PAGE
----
Vanishing England eBook

This eBook from the Gutenberg Project consists of approximately 374 pages of information about Vanishing England.
“It is a long range of chambers built of mellow brick and immemorial oak, having in their centre a small hall, darkly wainscoted, the very table in which makes a collector sinfully covetous.  In front of the modest doors of the chambers inhabited by almsmen and almswomen runs a tiny cloister with oak pillars, so that the inmates may visit one another dryshod in any weather.  Each door, too, bears a text from the Old or New Testament.  A more typical relic of the old world, a more sequestered haven of rest, than this row of lowly buildings, looking up to the great church in front, and with its windows opening on to green turf bordered with flowers in the rear, it could not enter into the heart of man to imagine."[60]

  [60] Highways and Byways in Berkshire.

We could spend endless time in visiting the old almshouses in many parts of the country.  There is the Ford’s Hospital in Coventry, erected in 1529, an extremely good specimen of late Gothic work, another example of which is found in St. John’s Hospital at Rye.  The Corsham Almshouses in Wiltshire, erected in 1663, are most picturesque without, and contain some splendid woodwork within, including a fine old reading-desk with carved seat in front.  There is a large porch with an immense coat-of-arms over the door.  In the region of the Cotswolds, where building-stone is plentiful, we find a noble set of almshouses at Chipping Campden in Gloucestershire, a gabled structure near the church with tall, graceful chimneys and mullioned windows, having a raised causeway in front protected by a low wall.  Ewelme, in Oxfordshire, is a very attractive village with a row of cottages half a mile long, which have before their doors a sparkling stream dammed here and there into watercress beds.  At the top of the street on a steep knoll stand church and school and almshouses of the mellowest fifteenth-century bricks, as beautiful and structurally sound as the pious founders left them.  These founders were the unhappy William de la Pole, first Duke of Suffolk, and his good wife the Duchess Alice.  The Duke inherited Ewelme through his wife Alice Chaucer, a kinswoman of the poet, and “for love of her and the commoditie of her landes fell much to dwell in Oxfordshire,” and in 1430-40 was busy building a manor-place of “brick and Tymbre and set within a fayre mote,” a church, an almshouse, and a school.  The manor-place, or “Palace,” as it was called, has disappeared, but the almshouse and school remain, witnesses of the munificence of the founders.  The poor Duke, favourite minister of Henry VI, was exiled by the Yorkist faction, and beheaded by the sailors on his way to banishment.  Twenty-five years of widowhood fell to the bereaved duchess, who finished her husband’s buildings, called the almshouses “God’s House,” and then reposed beneath one of the finest monuments in England in the church hard by.  The almshouses at Audley End, Essex, are amongst the most picturesque in the country.  Such are some of these charming homes of rest that time has spared.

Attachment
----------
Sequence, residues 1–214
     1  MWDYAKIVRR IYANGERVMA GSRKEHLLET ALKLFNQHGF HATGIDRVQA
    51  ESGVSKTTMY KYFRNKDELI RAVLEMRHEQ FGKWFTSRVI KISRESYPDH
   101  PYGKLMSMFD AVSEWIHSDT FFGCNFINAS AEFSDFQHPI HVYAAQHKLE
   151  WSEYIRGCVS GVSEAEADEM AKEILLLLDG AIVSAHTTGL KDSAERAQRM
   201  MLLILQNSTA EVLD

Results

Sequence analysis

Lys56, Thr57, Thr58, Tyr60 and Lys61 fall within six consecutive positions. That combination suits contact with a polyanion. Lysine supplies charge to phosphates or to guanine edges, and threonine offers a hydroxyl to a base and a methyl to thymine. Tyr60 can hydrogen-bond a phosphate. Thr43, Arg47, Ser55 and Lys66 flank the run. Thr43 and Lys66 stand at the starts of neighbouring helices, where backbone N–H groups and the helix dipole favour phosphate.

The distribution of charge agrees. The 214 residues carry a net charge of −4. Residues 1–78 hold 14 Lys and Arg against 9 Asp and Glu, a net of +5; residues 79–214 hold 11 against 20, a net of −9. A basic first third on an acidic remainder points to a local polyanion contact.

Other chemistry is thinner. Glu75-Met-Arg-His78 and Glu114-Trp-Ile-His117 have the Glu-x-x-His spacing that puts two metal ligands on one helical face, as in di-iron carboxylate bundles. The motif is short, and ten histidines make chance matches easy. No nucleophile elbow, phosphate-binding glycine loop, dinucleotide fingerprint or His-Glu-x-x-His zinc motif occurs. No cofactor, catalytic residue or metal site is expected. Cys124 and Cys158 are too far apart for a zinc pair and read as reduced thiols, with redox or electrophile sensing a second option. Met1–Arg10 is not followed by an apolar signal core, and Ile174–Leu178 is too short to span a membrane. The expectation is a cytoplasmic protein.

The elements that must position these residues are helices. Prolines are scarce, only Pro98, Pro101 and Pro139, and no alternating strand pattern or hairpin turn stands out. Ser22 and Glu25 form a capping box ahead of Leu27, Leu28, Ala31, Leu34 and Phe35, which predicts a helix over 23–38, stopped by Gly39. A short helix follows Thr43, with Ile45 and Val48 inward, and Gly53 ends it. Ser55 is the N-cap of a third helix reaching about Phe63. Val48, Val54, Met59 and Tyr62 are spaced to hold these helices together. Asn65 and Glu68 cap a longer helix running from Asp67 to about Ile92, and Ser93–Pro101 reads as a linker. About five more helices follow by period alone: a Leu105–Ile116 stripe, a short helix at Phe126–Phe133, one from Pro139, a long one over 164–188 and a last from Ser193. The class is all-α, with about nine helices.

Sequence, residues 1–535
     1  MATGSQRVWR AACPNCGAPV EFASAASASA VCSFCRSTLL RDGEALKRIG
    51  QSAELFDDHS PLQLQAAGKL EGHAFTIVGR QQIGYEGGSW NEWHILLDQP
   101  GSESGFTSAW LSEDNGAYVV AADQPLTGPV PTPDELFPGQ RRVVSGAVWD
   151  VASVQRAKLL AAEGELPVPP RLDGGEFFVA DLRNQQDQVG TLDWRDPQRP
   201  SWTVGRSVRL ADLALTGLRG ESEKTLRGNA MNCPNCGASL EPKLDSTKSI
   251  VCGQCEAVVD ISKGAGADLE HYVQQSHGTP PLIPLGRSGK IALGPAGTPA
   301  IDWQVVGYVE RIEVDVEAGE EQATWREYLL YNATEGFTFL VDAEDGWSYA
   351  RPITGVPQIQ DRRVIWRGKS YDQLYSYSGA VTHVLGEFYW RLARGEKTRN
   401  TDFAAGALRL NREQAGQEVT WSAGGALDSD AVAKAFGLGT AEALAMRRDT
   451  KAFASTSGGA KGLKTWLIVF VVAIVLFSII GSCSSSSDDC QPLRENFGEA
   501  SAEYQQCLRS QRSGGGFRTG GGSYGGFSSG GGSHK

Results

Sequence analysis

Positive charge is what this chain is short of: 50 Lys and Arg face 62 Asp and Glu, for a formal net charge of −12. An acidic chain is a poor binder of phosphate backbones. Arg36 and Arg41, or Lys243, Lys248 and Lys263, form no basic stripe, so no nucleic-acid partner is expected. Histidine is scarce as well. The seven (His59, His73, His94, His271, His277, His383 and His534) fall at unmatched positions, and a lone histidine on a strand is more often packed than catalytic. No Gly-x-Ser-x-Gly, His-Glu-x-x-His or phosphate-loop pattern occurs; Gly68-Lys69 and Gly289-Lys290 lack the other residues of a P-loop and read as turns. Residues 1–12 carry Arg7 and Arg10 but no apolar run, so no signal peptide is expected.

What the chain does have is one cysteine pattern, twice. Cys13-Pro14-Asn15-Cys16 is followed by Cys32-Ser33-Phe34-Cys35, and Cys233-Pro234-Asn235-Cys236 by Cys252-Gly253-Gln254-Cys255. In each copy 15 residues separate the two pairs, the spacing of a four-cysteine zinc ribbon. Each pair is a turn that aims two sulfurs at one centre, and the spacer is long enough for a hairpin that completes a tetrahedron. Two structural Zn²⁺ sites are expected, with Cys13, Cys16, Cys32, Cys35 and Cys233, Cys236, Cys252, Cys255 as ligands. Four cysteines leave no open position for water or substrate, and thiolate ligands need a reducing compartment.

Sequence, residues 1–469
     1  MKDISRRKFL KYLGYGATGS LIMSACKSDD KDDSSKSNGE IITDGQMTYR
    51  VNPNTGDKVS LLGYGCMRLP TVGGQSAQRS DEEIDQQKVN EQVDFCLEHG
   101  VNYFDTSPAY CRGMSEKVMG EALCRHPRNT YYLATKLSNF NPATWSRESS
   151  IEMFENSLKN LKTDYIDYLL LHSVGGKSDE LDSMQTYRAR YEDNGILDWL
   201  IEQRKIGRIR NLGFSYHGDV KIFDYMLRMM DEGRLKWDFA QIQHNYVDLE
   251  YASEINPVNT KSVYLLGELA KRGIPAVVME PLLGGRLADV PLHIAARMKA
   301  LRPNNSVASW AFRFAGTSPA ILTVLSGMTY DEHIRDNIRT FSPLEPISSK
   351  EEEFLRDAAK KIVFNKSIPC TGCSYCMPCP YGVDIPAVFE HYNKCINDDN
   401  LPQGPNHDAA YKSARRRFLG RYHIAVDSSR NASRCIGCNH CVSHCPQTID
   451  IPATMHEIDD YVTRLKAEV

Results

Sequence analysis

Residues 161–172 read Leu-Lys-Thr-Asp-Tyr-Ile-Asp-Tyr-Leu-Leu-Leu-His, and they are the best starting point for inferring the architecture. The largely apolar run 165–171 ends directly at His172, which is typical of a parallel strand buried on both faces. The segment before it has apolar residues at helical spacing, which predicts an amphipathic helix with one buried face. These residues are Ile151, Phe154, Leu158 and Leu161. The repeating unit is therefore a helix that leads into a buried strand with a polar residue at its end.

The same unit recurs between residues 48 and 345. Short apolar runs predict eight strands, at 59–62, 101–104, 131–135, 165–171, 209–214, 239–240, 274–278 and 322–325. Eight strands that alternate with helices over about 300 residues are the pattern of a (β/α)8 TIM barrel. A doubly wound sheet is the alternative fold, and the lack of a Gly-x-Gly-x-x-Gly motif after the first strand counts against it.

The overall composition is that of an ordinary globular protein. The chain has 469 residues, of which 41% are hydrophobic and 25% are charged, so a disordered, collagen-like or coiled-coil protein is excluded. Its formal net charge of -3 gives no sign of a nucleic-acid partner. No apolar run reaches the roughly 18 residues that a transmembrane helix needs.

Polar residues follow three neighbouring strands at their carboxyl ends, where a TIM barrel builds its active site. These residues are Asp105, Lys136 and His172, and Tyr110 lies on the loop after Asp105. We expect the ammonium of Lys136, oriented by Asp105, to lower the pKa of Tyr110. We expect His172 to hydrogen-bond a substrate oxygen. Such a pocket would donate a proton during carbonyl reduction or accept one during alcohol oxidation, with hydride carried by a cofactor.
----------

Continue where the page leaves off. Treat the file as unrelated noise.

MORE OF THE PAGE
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Vanishing England from Project Gutenberg. Public domain.
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